It's been quite a fun journey. It's actually astonishing to think that I've been writing on this corner of the internet for a whole year. To be honest, it sometimes feels like a lot longer. Blogging is one of those things I'm CONSTANTLY thinking about. I like to think that I have a little blogger bug inside my head constantly poking me to write a post. Blogging can be quite stressful, but I have no regrets.

My first post was exactly a year ago (Oh, wow. Shocker, right?). It wasn't anything special--just a welcoming post, and titled as thus. It's short, and has a grand total of one comment...from my uncle. It's nothing impressive, but 120 followers, 17,000 pageviews, 1,000 comments, and 63 posts later, it really was a start of a journey.

I don't have a fancy giveaway for all of you (I know, I know. I hear the sorrowful cries. Next year. I'm promising you. I'll plan ahead instead of writing it in the middle of the night.), so instead I'm going to share some highlights over the past year,

  • hitting those milestone marks. 50...75...100...115 followers. 
  • receiving super sweet messages from my contact form.
  • figuring out design/coding stuff and not breaking the blog.
  • getting a facebook page and twitter.
  • writing 50,000 words in two weeks.
  • guest posting for people and having people guest post for me. (always open to guest posters if you're interested! Just shoot me a message. :)
  • finally learning how to create good looking graphics.
  • meeting so many new blogger friends!
  • seeing my name pop up around the blogosphere.

  1. Why I'm Now Crazy Insane About Going to Writer's Conferences.
  2. The One Tip That Helped Me Write 50,000 Words in Two Weeks.
  3. Camp NaNoWriMo and Other Such Things.
  4. Three Word Count Boosting Resources for NaNoWriMo.
  5. Flash Fiction Challenge - The Thief's Blade.

I changed my photo that I use around the internet from the dandelion

to a picture of the back of my head. (lovely, right? :p)

Maybe next year I'll actually get a good picture of my face.

BLOGGING BUDDIES (the people who comment and keep me encouraged):
|| names lead to blogs ||

  • Aimee -- you're hilarious, I loveee talking to(or flailing with) you and it makes me happy when you comment. xD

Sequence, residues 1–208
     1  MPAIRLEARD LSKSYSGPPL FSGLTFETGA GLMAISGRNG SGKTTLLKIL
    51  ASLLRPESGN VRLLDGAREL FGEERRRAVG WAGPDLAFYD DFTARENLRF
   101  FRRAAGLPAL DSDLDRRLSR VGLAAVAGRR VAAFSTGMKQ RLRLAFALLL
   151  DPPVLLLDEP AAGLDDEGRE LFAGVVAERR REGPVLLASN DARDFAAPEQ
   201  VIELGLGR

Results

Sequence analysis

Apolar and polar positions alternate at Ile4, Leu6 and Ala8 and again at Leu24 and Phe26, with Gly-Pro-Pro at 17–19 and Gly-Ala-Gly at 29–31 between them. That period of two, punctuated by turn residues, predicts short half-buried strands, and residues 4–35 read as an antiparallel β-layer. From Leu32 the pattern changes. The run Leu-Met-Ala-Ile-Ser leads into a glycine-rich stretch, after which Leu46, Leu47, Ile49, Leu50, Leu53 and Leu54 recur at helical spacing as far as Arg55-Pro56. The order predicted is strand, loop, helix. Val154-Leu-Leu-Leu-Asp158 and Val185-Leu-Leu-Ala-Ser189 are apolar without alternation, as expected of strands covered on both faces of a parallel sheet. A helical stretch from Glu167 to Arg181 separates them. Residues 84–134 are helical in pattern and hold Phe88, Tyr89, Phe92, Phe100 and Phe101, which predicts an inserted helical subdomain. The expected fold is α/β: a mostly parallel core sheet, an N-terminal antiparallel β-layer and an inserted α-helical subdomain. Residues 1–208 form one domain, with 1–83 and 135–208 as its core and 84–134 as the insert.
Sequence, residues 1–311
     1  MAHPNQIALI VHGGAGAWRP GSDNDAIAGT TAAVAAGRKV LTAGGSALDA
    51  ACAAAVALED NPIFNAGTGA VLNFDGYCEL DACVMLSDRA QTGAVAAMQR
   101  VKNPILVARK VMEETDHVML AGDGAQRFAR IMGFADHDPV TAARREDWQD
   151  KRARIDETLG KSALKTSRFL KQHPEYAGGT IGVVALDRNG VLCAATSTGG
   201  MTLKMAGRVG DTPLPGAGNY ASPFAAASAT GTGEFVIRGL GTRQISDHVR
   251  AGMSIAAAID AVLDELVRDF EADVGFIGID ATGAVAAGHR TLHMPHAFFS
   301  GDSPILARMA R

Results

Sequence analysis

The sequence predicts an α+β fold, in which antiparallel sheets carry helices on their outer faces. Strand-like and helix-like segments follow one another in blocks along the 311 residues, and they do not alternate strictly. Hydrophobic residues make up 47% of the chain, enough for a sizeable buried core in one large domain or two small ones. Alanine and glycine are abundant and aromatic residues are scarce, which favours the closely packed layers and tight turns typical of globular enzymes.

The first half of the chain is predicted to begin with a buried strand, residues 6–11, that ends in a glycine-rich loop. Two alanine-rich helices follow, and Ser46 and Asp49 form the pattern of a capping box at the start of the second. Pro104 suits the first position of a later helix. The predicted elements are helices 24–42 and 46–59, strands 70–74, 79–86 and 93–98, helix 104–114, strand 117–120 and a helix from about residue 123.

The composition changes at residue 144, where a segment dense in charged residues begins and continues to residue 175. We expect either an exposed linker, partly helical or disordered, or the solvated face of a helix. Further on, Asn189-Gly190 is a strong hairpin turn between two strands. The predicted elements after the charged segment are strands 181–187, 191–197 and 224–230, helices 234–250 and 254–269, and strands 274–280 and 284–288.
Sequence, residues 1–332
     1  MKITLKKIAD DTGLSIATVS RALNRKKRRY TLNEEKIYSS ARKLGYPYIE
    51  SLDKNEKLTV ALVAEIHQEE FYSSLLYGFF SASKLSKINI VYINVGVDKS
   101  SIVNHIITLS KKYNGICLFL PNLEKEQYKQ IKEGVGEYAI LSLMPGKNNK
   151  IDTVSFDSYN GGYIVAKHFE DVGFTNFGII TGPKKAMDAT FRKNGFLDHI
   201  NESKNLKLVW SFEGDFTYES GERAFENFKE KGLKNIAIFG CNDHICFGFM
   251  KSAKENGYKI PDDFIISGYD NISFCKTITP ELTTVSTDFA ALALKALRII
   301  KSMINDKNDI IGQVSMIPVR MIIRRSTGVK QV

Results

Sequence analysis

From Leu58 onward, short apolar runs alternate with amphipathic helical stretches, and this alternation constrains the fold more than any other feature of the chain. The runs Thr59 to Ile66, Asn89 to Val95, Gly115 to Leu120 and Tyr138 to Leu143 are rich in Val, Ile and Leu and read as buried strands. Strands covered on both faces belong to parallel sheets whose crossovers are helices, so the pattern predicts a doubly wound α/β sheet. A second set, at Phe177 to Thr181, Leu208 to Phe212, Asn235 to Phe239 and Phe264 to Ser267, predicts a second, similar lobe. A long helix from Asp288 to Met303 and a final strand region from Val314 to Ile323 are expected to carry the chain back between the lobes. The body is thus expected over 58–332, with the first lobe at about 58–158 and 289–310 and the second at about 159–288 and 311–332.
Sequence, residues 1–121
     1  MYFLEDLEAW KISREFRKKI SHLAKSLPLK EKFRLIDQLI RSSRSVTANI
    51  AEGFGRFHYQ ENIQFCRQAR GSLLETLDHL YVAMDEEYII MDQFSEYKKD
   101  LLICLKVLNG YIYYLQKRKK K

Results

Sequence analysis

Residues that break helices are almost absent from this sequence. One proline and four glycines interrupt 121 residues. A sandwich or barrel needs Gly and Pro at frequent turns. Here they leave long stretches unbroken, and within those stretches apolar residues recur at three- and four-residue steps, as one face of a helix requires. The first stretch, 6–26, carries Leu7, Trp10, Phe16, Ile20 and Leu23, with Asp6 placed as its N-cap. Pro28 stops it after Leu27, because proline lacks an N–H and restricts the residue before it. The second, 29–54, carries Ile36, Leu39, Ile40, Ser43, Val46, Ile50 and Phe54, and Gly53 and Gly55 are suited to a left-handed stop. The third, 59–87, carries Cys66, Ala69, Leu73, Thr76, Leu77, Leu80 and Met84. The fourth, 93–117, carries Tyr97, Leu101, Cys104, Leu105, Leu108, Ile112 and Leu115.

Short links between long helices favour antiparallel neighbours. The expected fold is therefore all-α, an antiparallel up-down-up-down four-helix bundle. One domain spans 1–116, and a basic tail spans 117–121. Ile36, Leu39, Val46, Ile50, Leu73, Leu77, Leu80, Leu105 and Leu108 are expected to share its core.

• Ana -- every comment you write is so genuine and insightful. And long. Long comments are awesome.
  • Victoria Nightsky - thank you for recommending MISTBORN! :p We need to have more bookish talks. *nods*
  • Morgan - super awesome that you're an author, and I've had some fun conversations in the comments with you. :)
  • Rcubed - your comments make me laugh.
  • Annika - my writing buddy! I love your posts and your comments. :D
  • Victoria Howell - so stoked that I got to meet you in person. You're awesome.
  • Eliza - I love that you check back for comments! 
  • Imogen - your face shows up in the comments quite a lot and I really appreciate it. ^.^
  • Sarah - you're so fun to talk to -- I'm glad you check back on your comments so we can talk!
  • Audrey - bookish buddies! Need I say more? ;)
  • Heather - I never understand how you comment so often on allll the posts on all the blogs. But I appreciate it. ;)
  • Athelas - your blog inspired me to create a blog in the first place. And THANK YOU for coming up with the title of my blog. xD

And now I'm going to be all cheesy and say: 


Seriously. I wouldn't be writing this blog if people didn't follow it. I wouldn't write as often (ha, I act like I post every other day.) if people didn't comment and weren't so encouraging. I might not have started this blog if it wasn't for my amazing writing buddies. 

So, basically, you're all awesome. Give yourself a pat on the back or whatever special treat you like to eat. (Pizza? Cookies? *shrugs*)

When's your blogoversary? I want to know so I can put it down on my calendar and then CELEBRATE on said date. 
Once again: thank you!

And now it's five I just made it before the email gets sent out. *collapses*

Why Do We Really Call Writing Hard?

Monday, August 17, 2015
You've probably heard writers (or yourself if you're a writer) complain about this endlessly. We writer's say it all the time, and it's almost an excuse of some sorts.

"writing is harddd." 
(Yes, we say this with multiple D's in our head.)

I've been saying it myself lately every time I run into struggles with editing. I sigh, close my eyes, and whine, "Ugh, editing is harddd.

But after complaining one day, I opened my eyes and thought about it.